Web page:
Lately, I love it when people out there in the general population ask me what I do. I tell them that I’m working on a transhumanist webzine and then pause — offering no further explanation — as if a transhumanist magazine were as comprehensible as a magazine about real estate or pet monkeys.
DOCTOROW: It’s not hard to think about a kind of nanotech future where virtually all objects are available on demand. In that kind of world, both the traditional Marxist and the traditional Keynesian analyses don’t make a lot of sense. These are predicated first and foremost on the regulation of scarce and valuable objects.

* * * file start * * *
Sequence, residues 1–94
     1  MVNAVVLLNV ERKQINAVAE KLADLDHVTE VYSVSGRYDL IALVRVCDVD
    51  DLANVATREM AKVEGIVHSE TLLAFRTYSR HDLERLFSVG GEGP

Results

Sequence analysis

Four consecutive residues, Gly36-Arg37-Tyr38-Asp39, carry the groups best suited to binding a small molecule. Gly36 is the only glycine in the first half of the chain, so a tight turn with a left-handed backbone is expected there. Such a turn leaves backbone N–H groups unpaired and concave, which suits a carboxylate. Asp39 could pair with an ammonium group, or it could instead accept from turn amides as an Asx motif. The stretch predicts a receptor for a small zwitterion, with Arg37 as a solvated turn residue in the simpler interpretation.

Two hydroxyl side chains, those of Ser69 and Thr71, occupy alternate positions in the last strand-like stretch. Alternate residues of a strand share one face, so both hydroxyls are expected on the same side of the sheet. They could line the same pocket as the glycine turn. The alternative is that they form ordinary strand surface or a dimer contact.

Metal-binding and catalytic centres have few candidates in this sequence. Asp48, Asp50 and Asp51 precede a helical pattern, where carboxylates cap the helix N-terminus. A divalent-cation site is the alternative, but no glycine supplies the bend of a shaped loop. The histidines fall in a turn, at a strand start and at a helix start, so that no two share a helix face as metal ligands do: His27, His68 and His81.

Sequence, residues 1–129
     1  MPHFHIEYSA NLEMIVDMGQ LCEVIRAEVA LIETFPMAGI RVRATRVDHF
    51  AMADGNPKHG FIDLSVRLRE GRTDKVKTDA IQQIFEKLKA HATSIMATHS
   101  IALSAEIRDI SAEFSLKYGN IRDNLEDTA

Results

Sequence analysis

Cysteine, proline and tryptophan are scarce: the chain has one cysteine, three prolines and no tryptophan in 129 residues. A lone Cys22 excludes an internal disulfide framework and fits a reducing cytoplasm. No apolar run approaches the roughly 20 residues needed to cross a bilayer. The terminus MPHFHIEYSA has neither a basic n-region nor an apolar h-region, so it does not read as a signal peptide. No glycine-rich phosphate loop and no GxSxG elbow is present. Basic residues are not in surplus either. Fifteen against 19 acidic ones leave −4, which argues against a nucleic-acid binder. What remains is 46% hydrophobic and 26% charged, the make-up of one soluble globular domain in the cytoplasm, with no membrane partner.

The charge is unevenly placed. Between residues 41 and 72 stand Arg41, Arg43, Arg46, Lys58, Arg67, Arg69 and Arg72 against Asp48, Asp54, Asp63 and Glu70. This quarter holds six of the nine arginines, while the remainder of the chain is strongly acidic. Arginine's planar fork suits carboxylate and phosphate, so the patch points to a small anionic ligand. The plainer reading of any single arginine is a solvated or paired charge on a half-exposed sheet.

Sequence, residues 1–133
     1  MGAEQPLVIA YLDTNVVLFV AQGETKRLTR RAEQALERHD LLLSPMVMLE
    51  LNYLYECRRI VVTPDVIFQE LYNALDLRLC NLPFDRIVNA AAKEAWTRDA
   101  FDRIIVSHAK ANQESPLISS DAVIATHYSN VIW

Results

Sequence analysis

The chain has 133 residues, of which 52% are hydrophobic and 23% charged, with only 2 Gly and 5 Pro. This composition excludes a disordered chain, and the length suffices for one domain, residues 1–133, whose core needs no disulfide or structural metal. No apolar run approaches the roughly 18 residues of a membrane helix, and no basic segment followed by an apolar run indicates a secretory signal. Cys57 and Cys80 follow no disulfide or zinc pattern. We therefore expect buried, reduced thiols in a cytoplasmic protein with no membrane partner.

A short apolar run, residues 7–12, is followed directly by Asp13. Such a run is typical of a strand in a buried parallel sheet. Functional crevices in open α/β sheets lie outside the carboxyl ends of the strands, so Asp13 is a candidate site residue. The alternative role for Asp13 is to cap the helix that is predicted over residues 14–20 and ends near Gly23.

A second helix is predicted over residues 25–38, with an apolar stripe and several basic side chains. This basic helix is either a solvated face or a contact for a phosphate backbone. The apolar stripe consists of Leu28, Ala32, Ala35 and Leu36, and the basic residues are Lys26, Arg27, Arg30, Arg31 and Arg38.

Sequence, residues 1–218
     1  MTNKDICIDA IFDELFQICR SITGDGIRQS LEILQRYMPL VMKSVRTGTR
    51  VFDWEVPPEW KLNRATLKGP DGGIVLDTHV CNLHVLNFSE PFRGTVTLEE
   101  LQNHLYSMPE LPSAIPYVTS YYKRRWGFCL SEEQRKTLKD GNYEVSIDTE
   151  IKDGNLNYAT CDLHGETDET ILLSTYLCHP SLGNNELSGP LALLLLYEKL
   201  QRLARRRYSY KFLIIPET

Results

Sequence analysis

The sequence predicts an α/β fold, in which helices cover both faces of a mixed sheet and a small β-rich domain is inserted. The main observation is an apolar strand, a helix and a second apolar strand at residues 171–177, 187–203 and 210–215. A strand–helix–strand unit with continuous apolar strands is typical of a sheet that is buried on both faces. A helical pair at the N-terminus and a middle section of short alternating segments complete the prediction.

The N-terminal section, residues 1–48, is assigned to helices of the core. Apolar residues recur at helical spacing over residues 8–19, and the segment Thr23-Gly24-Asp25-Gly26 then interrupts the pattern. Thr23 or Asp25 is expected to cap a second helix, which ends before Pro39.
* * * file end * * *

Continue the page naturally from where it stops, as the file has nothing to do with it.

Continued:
PEARCE: In maybe three or four decades or so, we’ll be choosing such traits as the average hedonic set point of our children. Over time, I think allelic combinations [suites of variant copies of mission-critical genes] that leave their bearers predisposed to unpleasant states of consciousness — unpleasant states that were genetically adaptive in our ancestral environment — will be weeded out of the gene pool.